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Multi-User Dungeon

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"A weekend hack that got out of hand."
James Aspnes, describing TinyMUD

Multi-User Dungeons, or MUDs for short, are essentially the forerunners to modern MMORPGs. Their primary distinguishing feature is that they utilize a text-based interface similar to Interactive Fiction games, but still allow dozens or even thousands of users to play at the same time. Interestingly, the first MUD was so named because it was designed as a multiplayer version of Dungeon (an early version of Zork) making it Exactly What It Says on the Tin twice over.

Despite the current popularity of MMORPGs with flashy extra features like graphics, MUDs are still popular amongst certain groups, since they are relatively easy to maintain, require little to nothing in the way of installed programs, and are almost always free to play.

A MUD is controlled by inputting typed commands, and is divided into undefined areas called rooms. You move by inputting a directional command ('north', 'west', 'southeast', or 'n', 'w' 'se'); attack by ordering yourself to kill ('kill bear' or 'k bea'); sleep by entering 'sleep' (or 'sl') etc., with most commands allowing some degree of abbreviation.

Since the designers don't have to worry about rendering images or sounds for their content (most objects, creatures, and effects are described by a few lines of text and/or code), MUDs can get extremely in-depth, and extremely complicated. Expect different effects for eating, drinking, sleeping, resting, hiding, having a wound on a certain body part, being blinded, stunned, underwater, in the vacuum of space, in the faerie dimension, flying, or just tired. The ability to forge your own weapons, speak different languages, buy or build your own house, marry another player, declare another player attack-on-sight, worship different gods, and start your own guild are all fairly standard. The emotes list can often get into the hundreds, and if none of them suits, you can even improvise with custom emotes. And that is not even getting into the combat skills, spells, proficiencies and other statistics you can learn and improve upon.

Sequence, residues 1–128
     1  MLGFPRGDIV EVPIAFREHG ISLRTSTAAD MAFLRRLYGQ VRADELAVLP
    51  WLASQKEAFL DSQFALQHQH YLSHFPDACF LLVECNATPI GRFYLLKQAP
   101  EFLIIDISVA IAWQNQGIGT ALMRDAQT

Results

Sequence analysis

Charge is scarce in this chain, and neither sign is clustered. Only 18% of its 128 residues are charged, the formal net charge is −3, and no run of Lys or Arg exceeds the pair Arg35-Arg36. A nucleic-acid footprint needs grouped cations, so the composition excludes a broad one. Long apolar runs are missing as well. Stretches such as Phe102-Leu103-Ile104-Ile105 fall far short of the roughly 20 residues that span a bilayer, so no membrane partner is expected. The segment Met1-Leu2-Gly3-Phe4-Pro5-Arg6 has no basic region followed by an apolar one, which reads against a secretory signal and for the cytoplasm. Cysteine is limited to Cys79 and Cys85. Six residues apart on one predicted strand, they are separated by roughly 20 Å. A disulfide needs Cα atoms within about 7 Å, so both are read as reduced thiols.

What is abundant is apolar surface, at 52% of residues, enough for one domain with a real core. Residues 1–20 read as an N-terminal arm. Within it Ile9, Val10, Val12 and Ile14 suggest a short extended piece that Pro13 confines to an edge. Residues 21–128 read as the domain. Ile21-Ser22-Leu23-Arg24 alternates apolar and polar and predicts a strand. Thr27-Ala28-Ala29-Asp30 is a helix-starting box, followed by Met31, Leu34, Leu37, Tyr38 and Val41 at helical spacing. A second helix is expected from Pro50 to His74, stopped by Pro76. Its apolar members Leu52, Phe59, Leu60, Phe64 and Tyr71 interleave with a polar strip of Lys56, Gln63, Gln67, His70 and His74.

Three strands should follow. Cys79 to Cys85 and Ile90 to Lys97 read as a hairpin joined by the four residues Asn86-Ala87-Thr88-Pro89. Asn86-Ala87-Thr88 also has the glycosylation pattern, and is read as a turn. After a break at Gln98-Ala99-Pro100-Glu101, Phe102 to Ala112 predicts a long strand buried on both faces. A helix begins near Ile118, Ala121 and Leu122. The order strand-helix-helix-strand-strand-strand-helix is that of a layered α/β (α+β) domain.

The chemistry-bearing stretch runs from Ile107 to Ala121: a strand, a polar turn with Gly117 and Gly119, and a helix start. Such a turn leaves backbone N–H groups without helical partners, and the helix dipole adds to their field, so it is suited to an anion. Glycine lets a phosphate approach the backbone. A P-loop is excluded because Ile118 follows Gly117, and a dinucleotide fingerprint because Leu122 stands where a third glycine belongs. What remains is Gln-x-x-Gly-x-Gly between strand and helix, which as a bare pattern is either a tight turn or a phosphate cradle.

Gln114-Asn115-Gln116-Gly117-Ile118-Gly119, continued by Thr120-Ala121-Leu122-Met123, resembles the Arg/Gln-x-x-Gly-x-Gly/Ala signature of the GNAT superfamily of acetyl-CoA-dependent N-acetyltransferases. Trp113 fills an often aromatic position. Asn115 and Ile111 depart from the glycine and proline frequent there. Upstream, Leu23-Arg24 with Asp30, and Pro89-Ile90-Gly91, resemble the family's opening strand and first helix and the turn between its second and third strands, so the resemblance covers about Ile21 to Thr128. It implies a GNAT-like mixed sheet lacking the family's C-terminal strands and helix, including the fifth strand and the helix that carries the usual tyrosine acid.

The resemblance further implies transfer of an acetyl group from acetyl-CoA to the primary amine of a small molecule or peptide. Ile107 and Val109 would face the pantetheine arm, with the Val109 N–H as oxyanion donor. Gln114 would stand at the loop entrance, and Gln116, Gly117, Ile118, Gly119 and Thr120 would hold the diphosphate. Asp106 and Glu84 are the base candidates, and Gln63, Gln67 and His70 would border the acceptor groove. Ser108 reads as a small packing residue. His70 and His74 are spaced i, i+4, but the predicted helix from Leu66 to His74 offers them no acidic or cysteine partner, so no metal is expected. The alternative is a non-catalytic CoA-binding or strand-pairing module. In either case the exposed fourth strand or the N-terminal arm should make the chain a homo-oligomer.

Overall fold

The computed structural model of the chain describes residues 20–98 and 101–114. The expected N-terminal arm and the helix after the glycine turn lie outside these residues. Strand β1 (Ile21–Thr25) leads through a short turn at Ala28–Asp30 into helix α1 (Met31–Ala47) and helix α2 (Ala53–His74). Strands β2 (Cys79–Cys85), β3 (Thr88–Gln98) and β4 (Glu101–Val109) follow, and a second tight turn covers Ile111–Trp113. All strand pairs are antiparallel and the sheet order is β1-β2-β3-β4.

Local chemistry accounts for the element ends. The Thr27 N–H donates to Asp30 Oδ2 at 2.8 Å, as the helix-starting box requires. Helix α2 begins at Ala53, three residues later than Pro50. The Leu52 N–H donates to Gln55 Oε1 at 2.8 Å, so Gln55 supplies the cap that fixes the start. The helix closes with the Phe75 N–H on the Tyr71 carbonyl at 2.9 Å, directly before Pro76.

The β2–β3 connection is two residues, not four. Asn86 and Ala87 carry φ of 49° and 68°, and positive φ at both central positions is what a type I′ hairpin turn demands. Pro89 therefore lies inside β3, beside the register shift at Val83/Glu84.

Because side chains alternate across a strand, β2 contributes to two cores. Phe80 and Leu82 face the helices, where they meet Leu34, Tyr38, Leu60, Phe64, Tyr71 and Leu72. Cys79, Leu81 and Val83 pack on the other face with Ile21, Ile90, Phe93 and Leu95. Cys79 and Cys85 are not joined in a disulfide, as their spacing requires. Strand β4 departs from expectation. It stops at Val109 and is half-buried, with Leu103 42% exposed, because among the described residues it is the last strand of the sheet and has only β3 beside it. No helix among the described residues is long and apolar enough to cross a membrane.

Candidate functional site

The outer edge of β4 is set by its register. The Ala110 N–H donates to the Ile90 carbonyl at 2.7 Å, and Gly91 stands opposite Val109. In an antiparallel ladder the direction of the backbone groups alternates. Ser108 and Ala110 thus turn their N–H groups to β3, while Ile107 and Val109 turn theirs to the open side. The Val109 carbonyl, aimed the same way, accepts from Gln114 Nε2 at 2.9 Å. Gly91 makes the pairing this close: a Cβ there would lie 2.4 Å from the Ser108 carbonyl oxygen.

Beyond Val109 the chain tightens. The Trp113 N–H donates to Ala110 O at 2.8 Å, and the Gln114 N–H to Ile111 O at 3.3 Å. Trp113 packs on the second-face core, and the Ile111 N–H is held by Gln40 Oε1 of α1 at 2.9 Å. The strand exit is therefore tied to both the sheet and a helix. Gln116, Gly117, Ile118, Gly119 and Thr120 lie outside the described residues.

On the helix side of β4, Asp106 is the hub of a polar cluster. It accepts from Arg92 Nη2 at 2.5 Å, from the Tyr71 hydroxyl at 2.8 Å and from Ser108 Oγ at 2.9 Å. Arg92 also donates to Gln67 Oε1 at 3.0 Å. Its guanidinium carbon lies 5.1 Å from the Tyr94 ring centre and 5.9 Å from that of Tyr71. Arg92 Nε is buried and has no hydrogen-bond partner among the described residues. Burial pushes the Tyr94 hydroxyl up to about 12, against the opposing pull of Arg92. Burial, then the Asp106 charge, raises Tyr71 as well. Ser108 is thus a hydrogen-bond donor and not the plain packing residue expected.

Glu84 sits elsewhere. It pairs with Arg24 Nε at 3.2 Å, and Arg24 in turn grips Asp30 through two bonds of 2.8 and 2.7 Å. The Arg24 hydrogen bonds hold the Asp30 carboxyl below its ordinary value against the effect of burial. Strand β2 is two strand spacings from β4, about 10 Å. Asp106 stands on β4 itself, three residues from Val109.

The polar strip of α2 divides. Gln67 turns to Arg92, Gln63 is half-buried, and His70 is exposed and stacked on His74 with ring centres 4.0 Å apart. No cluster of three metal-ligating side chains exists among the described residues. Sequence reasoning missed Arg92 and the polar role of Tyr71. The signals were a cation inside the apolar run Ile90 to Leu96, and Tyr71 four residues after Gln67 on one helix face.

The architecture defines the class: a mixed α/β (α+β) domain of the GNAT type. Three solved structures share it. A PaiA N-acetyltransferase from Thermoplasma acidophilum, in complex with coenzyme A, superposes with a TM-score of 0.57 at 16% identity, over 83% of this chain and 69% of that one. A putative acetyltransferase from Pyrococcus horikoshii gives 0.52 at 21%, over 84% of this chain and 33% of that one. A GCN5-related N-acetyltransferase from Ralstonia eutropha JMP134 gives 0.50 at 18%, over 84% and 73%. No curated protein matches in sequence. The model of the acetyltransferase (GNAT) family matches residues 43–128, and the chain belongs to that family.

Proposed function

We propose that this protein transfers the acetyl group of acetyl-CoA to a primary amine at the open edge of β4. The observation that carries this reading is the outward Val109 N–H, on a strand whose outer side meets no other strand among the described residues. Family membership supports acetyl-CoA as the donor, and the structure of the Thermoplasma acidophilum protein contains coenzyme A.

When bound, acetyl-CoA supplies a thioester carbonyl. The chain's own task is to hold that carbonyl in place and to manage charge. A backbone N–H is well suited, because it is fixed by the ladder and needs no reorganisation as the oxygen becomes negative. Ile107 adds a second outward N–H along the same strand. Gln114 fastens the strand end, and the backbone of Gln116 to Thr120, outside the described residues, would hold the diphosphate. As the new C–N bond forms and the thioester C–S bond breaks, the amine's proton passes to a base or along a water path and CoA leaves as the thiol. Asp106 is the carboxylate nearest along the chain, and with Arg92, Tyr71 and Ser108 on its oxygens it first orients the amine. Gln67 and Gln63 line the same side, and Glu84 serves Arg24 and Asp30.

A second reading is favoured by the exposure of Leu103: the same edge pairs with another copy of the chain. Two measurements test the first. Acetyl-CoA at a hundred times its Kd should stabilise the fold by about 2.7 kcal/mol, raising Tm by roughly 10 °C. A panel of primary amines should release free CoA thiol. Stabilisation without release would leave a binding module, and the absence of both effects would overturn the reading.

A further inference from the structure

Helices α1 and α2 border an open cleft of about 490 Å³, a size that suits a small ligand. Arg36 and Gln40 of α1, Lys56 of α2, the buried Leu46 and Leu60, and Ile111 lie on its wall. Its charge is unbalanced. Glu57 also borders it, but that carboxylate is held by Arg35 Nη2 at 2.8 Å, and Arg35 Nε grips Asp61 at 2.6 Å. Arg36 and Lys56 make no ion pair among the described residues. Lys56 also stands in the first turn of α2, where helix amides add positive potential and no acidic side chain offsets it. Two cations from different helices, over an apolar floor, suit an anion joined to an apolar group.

Variants include the more free-form MUSH, often called a Multi-User Shared Hallucination, which is a kind of MUD that is mostly used as a roleplaying environment or sometimes, a set of chat rooms; along with the traditional roleplaying-oriented MUCK and the MOO. These are descended from TinyMUD and forego the extensive, automated combat systems of most MUDs in favour of either free-form roleplay, system-supported/Pen & Paper style roleplay, or some other specific format. The term MUD has itself been backronymed into "Multi-User Dimension", "Multi-User Domain", and several other meanings, possibly as a way to distinguish the variants that are not intended as games, or that have a Science Fiction theme instead of a Fantasy theme.

The Mud Connector is a portal for finding, reviewing, and discussing MUDs, with a convenient Flash-based telnet client available for use. There are over a thousand MUDs of many genres available to browse. also lists several hundred MUDs by type, genre, and activity level.

Compare Interactive Fiction, aka Text Adventure, which are script-oriented games. Contrast Point And Click Adventure Games, more graphical scripted games which may also use a fixed-room format or Text Parser.

Tropes common to MUDs:

  • You Can't Get Ye Flask - LPMud may have IF-style quests in which part of the puzzle is figuring out what can be interacted with and picking the correct syntax. Most other Mud types avert this; items that can be taken and features that can be interacted with are separated from room description by formatting, and sometimes color-coded.
  • Guide Dang It!: New players can find MUDs very frustrating at first, particularly when the "help" entry for what you are trying to do does not seem to exist. Asking other players is often the best solution, though this is sometimes discouraged or outright forbidden.
  • Wizard Needs Food Badly: Most characters will need to eat (and drink) regularly to keep their Hit Points and/or Mana at maximum, though procuring them is not usually difficult.
  • Massive Race Selection: Since you don't have to render what a Yithian looks like while wearing a mithril hauberk and wielding an energy rifle, there is little reason why you can't let people play as one.
  • An enormous range of Character Levels, often several hundred, if there even is a level cap. Can make finding a worthwhile-but-beatable foe difficult.
  • A concomitant amount of Level Grinding to go with those levels.